“Slí na mBeaglaoich Ciarraí” is must-see viewing on TG4.
By Daniel Neely
It’s not like you needed any more reminding of how severely the Covid-19 pandemic has affected the world of Irish music, but the big news this past week is that the Milwaukee Irish Fest, the country’s largest Irish festival, has been cancelled. Irish Fest (irishfest.com) takes place over four days every August since 1981, and is host to over 100 acts on 17 stages. This is a substantial loss for the community and for the Irish Fest organization – hopefully, it comes back bigger and better next year.
(At the time of writing it is my understanding that gatherings like Scoil Samhradh Willie Clancy and the Catskills Irish Arts Week are still under review, but I’ll let you know when decisions are made.)
peaking of cancelations: although the Midwest Regional Fleadh was cancelled on April 11, it was announced last week that the Murphy Roche branch will host a virtual “e-Fleadh” that will take place May 15-17, the same weekend of the original. According to their announcement, it is “a non-qualifying, nonofficial event,” its goal being “to offer entrants an opportunity to present a recorded performance that will be reviewed by a qualified adjudicator and receive feedback.” Only solo entries will be permitted, save for accompaniment, ceili band drum, or bodhran, as those competitions require a second musician. The e-Fleadh’s registration deadline is May 1, for the full scoop visit murphyroche.org/fleadh2020.htm.
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If you’ve been stuck perusing social media this week, you’ve doubtless come across the word “Quarantunes.” It’s something of a game of tag for the last month or so, wherein one person shares a tune or song of their choice, add the #Quarantunes hashtag, include the World Health Organization’s website, www.who.int, where people can donate, and then nominates others to take part. It’s a really interesting way of getting in your traditional music fix, as there have been some brilliant posts from great players like Danny O Mahony, MacDara Ó Raghallaigh, Bríd Harper, Mick Mulvey, Declan Folan, a couple by Kevin Crawford, Dylan Foley, Katie Linnane & Ivan Goff, Theresa O’Grady, John Flynn, Mick O’Brien with his daughter Ciara, Frankie McCormack, Hollie Greenwood, Louise Mulcahy, Brenda Castles, and Jayne Pomplas (who, you might remember was the subject of last week’s column). There are loads of these videos from all sorts of players, search them down on Facebook using the hashtag #Quarantunes .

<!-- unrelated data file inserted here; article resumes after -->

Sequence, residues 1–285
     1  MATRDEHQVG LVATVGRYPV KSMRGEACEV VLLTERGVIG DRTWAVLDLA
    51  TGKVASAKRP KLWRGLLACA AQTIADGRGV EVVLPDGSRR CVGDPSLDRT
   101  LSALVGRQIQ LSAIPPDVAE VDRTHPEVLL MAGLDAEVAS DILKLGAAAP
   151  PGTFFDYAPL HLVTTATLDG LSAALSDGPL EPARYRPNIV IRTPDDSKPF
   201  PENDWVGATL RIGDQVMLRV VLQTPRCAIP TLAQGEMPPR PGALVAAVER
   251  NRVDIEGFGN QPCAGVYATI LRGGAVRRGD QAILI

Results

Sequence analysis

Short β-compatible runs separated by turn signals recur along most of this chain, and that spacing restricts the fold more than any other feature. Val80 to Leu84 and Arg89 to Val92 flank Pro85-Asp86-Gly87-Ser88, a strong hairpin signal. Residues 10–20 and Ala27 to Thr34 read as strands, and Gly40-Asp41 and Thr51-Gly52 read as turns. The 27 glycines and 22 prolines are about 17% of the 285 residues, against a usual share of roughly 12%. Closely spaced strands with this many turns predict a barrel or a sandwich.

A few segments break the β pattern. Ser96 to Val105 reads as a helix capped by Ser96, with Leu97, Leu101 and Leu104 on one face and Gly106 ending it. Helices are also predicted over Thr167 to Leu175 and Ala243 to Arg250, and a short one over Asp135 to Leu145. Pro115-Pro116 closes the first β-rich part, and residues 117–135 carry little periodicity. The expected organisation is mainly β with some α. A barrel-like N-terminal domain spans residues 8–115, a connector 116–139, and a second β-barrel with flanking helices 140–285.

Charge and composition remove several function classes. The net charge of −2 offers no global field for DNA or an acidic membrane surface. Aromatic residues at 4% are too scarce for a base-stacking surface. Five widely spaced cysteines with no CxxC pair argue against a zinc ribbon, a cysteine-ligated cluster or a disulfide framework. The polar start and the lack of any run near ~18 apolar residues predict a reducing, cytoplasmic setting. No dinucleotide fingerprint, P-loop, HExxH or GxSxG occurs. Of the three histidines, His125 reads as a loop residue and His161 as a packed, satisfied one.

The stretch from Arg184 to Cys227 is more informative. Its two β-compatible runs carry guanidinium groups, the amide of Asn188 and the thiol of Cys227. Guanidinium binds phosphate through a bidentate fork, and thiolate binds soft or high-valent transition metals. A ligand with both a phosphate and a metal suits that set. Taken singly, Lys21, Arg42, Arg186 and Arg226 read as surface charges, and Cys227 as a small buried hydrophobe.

Hey, speaking of folks making music, on March 30th, Comhaltas Ceoltóirí Éireann launched a repertoire-teaching website that the musician readers of this column should know about. “The material used for this programme,” the press email reported, “is taken from and guided by the varying levels of the SCT exam syllabus,” and Comhaltas is providing it free of charge. There are three levels being provided for – elementary, grades 1-5, and grades 6-8 – and the tunes are taught in a very clear, straightforward manner. if you’re looking to sharpen your skills while you’re hanging out at home, this is a great way to do it. Follow along at www.sctexams.com.
Finally, if you’re still hankering for the finest in traditional music entertainment, be advised that the Irish language station TG4 has a lot of programming available on its “Traditional Music” page, tinyurl.com/TG4tradmusic. There, you can watch documentaries about the great piper Liam O’Flynn, the show “The Green Linnet” (which followed Barney McKenna and TonMcMahon around Europe), “Gradam Ceoil TG4 2020,” “Sé Mo Laoch Speisialta” with Matt Molloy, Michael Flatley & Seamus Tansey, and much, much more, all for free. In addition, on Sunday the station premiered the first episode of “Slí na mBeaglaoich Ciarraí,” a beautiful and fascinating six-part series that follows Brendan and Cormac Begley’s rambles around the West of Ireland where they chat and play with musicians in Kerry, Clare, Galway, Mayo, Sligo, and Donegal. It’s must-see viewing, especially if you love music in the west. (And for the non-Irish speakers out there, yes, there are subtitles!) You can find TG4’s English language homepage at www.tg4.ie/en/.